Visual effects artist Gary Hutzel, most famous for his work on Star Trek: The Next Generation and Battlestar Galactica, passed away on Thursday at the age of 60. Hutzel was visual effects coordinator and supervisor on the first five seasons of Star Trek: The Next Generation and all seven seasons of Star Trek: Deep Space Nine. In those jobs, he created the Borg Cube breakaway model from "Best of Both Worlds", helped create the USS Defiant and supervised the effects that blended Deep Space Nine with the Original Series for "Trials and Tribble-ations". He received one Emmy for The Next Generation and another for Deep Space Nine.
Designer and illustrator John Eaves, who designed the Enterprise-E, paid tribute not just to Hutzel's skill, but his work ethic:
Back in the TNG days, I was making models with Greg Jein and we would take them to a place called Image G to be filmed. That is where I met the great Gary Hutzel. What an amazing man he was, and it was great fun to watch him set up a motion-control shot for the VFX. A man with a great sense of humour, and he loved to be creative and work, work, work. You had to make him take a day off or go home at the end of a long work day. We did a Joe Dante show called The Osiris Chronicles and whenever the main ship would be on the rig to film he would shout out, "It's a fish!" Hah... and that is what it looked like. I loved that Mister Hutzel and will miss him terribly.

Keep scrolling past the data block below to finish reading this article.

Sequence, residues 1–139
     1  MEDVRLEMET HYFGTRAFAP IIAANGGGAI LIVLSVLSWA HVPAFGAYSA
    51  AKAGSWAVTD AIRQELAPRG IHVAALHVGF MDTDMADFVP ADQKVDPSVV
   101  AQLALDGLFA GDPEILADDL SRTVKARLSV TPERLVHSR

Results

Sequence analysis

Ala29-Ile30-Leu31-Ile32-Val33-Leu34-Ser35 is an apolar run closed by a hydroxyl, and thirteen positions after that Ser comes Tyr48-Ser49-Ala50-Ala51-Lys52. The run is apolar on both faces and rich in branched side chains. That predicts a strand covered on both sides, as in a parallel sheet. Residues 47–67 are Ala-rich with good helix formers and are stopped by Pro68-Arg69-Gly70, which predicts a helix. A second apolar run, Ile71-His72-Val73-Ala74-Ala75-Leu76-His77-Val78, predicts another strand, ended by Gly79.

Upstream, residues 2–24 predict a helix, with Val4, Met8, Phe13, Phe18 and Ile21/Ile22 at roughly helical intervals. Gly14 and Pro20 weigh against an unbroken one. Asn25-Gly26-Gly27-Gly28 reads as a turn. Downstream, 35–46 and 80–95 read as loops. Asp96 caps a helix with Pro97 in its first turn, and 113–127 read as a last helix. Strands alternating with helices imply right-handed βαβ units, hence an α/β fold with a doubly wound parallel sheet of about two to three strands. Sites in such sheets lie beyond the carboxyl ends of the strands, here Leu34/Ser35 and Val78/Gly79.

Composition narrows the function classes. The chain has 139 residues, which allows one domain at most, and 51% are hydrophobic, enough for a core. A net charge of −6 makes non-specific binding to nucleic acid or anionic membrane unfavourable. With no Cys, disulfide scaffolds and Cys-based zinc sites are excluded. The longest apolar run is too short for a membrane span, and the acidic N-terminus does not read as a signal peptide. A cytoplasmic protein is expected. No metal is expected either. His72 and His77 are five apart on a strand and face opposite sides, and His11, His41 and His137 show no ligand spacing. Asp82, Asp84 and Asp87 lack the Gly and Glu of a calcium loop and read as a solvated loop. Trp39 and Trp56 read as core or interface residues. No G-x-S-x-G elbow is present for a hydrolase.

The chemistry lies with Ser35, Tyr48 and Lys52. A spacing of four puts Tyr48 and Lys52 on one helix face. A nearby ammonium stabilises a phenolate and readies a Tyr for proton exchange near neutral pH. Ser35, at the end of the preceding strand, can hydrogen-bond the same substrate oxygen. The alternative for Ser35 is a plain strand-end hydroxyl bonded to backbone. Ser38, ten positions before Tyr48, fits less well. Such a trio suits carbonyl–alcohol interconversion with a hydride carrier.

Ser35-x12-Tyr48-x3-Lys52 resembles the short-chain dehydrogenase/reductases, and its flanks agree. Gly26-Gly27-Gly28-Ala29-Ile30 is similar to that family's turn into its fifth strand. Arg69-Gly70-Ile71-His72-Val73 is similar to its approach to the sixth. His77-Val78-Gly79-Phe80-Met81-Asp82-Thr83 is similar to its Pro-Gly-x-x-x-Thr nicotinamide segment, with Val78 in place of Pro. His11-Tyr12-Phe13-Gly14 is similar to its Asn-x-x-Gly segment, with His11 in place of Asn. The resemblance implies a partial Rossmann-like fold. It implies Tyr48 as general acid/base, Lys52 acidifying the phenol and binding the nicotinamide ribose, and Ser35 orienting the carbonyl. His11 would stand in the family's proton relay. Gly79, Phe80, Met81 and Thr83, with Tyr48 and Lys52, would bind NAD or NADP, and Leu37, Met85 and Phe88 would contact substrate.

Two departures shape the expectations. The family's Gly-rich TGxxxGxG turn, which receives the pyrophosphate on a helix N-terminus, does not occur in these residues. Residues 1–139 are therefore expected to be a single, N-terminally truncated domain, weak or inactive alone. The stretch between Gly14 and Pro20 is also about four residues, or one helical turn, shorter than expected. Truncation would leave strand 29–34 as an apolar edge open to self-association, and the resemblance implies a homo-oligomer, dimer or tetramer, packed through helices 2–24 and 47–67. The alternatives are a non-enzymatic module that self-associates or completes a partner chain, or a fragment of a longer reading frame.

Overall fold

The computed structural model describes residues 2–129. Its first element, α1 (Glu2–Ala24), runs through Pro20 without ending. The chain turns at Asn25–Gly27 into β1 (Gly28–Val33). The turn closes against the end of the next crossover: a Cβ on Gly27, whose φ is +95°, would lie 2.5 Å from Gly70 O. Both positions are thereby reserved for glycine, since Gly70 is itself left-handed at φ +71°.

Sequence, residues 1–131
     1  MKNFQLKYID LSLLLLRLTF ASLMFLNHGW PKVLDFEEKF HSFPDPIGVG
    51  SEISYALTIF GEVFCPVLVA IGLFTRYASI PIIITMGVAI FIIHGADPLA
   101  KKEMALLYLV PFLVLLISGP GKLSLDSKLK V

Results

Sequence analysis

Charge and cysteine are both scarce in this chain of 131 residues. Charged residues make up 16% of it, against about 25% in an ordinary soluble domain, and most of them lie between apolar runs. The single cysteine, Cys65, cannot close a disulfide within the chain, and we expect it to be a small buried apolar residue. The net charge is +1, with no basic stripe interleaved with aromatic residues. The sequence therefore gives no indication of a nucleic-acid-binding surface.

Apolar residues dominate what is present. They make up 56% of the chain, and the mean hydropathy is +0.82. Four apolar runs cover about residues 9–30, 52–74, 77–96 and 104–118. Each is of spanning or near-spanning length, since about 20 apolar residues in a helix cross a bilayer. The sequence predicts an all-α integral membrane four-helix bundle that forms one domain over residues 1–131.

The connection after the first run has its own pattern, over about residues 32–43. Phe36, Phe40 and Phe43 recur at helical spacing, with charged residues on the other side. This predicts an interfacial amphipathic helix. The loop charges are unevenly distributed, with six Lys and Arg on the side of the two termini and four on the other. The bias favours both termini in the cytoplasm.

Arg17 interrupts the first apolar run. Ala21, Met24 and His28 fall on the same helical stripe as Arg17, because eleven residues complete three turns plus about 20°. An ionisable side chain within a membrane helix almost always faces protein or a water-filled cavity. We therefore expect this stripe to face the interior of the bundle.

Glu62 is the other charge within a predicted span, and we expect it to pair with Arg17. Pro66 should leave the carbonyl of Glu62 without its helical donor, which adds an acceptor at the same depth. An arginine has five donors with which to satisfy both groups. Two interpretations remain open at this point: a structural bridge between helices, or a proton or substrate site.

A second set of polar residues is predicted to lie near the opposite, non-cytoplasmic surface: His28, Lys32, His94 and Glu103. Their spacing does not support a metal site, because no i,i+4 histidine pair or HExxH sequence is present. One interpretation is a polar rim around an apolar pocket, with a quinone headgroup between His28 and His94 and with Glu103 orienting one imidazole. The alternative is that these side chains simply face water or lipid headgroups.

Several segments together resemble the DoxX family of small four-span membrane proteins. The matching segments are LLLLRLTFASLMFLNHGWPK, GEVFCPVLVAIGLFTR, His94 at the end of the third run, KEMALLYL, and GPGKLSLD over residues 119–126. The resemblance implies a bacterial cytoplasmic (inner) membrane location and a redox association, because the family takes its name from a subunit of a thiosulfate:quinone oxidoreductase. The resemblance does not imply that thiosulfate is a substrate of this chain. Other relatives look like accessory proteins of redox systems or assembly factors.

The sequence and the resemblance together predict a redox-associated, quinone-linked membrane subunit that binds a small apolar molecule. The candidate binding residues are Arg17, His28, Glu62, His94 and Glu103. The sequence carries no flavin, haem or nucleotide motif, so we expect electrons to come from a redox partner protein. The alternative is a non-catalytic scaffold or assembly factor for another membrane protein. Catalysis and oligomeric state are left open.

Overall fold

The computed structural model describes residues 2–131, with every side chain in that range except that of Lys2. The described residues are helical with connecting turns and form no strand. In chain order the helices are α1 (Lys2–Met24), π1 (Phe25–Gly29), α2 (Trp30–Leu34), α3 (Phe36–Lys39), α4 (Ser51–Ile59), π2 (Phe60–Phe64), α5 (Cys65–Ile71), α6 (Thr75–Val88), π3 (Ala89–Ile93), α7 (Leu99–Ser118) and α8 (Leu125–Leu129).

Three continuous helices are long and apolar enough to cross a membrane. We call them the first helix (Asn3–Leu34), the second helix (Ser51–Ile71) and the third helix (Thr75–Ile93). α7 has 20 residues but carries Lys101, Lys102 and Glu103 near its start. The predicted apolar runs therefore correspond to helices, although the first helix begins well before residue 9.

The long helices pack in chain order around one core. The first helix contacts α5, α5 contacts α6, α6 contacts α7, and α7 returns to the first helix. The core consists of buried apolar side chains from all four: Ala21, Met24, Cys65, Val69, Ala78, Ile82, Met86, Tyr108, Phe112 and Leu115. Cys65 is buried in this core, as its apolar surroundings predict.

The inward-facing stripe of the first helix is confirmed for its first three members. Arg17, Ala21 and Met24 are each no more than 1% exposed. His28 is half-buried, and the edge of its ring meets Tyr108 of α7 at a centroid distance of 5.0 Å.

— Star Trek (@StarTrek) March 5, 2016
Hutzel went on to act as miniature cinematographer and VFX supervisor for the rebooted Battlestar Galactica, which netted him another two Emmys. That brought his total to four Emmys out of 20 nominations for his work. Hutzel continued to work with Syfy on Caprica and Defiance.
Here's to the genius, who allowed us to go into worlds beyond our own. RIP Gary Hutzel https://t.co/uW4WTNylBn
— Syfy (@Syfy) March 7, 2016
Hutzel was a native of Ann Arbor, Michigan, and became a mechanical engineering student at the University of Michigan before studying photography at the Brooks Institute in Santa Barbara. At the time of his death, Hutzel was working on Freeform's Beyond.